The worst possible way to resolve this issue is to leave it up to individual choice. There is no known social good coming from the conquest of death (Bailey, 1999). - Daniel Callahan Dramatically extending the human lifespan seems increasingly possible. Many bioethicists object that life-extension will have Malthusian consequences as new Methuselahs accumulate, generation by generation. I argue for a Life-Years Response to the Malthusian Objection. If even a minority of each generation chooses life-extension, denying it to them deprives (...)
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  11. John K. Davis (2009). Subjectivity, Judgment, and the Basing Relationship. Pacific Philosophical Quarterly 90 (1):21-40.score: 240.0
    Moral and legal judgments sometimes depend on personal traits in this sense: the subject offers good reasons for her judgment, but if she had a different social or ideological background, her judgment would be different. If you would judge the constitutionality of restrictions on abortion differently if you were not a secular liberal, is your judgment really based on the arguments you find convincing, or do you find them so only because you are a secular liberal? I argue that a (...)
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  12. John K. Davis (2012). Applying Principles to Cases and the Problem of Judgment. Ethical Theory and Moral Practice 15 (4):563 - 577.score: 240.0
    We sometimes decide what to do by applying moral principles to cases, but this is harder than it looks. Principles are more general than cases, and sometimes it is hard to tell whether and how a principle applies to a given case. Sometimes two conflicting principles seem to apply to the same case. To handle these problems, we use a kind of judgment to ascertain whether and how a principle applies to a given case, or which principle to follow when (...)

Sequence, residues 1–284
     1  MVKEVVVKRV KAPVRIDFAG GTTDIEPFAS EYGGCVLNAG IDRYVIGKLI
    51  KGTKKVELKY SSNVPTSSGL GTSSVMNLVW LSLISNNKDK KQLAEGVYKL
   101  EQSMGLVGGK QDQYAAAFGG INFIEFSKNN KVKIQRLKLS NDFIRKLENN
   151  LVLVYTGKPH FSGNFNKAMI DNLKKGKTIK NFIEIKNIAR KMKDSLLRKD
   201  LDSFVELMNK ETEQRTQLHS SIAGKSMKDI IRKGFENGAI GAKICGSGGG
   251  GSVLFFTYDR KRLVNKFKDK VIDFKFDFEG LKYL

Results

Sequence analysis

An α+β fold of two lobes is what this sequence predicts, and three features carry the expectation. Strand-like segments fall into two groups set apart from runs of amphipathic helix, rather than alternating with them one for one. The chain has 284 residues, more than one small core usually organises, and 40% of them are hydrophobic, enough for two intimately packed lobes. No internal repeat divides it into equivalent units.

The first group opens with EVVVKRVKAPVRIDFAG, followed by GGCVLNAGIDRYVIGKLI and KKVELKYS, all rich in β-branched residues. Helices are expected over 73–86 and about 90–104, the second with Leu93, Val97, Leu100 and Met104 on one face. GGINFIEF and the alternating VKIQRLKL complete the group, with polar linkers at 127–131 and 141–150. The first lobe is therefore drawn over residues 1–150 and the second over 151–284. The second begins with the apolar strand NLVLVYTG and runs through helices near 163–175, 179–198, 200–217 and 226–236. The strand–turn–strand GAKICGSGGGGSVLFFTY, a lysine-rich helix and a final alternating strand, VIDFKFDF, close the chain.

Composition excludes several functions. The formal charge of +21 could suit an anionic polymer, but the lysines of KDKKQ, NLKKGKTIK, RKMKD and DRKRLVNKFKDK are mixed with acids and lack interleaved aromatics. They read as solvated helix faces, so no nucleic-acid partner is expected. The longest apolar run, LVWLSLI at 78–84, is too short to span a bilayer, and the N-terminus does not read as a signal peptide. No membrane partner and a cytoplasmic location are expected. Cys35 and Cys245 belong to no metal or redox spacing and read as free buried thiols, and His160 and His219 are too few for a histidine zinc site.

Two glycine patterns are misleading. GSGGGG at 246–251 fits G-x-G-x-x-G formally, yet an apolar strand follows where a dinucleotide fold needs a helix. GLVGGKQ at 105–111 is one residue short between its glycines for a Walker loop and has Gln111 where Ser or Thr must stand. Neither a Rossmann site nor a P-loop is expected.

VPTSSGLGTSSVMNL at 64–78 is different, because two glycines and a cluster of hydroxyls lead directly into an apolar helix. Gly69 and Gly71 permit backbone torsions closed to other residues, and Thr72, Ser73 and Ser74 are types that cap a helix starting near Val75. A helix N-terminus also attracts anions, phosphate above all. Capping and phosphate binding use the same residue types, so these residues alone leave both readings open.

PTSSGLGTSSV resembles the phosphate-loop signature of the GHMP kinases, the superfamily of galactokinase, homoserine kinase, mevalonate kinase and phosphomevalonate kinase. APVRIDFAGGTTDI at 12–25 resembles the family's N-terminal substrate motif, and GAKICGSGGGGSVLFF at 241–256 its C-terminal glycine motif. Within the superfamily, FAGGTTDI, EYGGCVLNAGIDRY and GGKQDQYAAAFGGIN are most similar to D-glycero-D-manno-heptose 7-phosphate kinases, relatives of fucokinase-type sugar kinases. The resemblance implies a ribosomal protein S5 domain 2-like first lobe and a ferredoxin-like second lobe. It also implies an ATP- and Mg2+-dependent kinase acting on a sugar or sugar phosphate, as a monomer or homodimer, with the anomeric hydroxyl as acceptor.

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  13. Laura Davis & Mark Usry (2011). Faculty Selling Desk Copies—The Textbook Industry, the Law and the Ethics. Journal of Academic Ethics 9 (1):19-31.score: 240.0
    It is a guilty secret that many college professors sell the complimentary desk copies that they receive from textbook publishers for cash. This article attempts to shed light on the undercover practice by looking at the resale of complimentary textbooks by faculty from four perspectives. Part One provides an overview of the college textbook industry, the business reasons that motivate publishers to provide complimentary desk copies to faculty, and the economic consequences of the entry of the textbooks into the used (...)
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  14. John K. Davis (2007). Intuition and the Junctures of Judgment in Decision Procedures for Clinical Ethics. Theoretical Medicine and Bioethics 28 (1):1-30.score: 240.0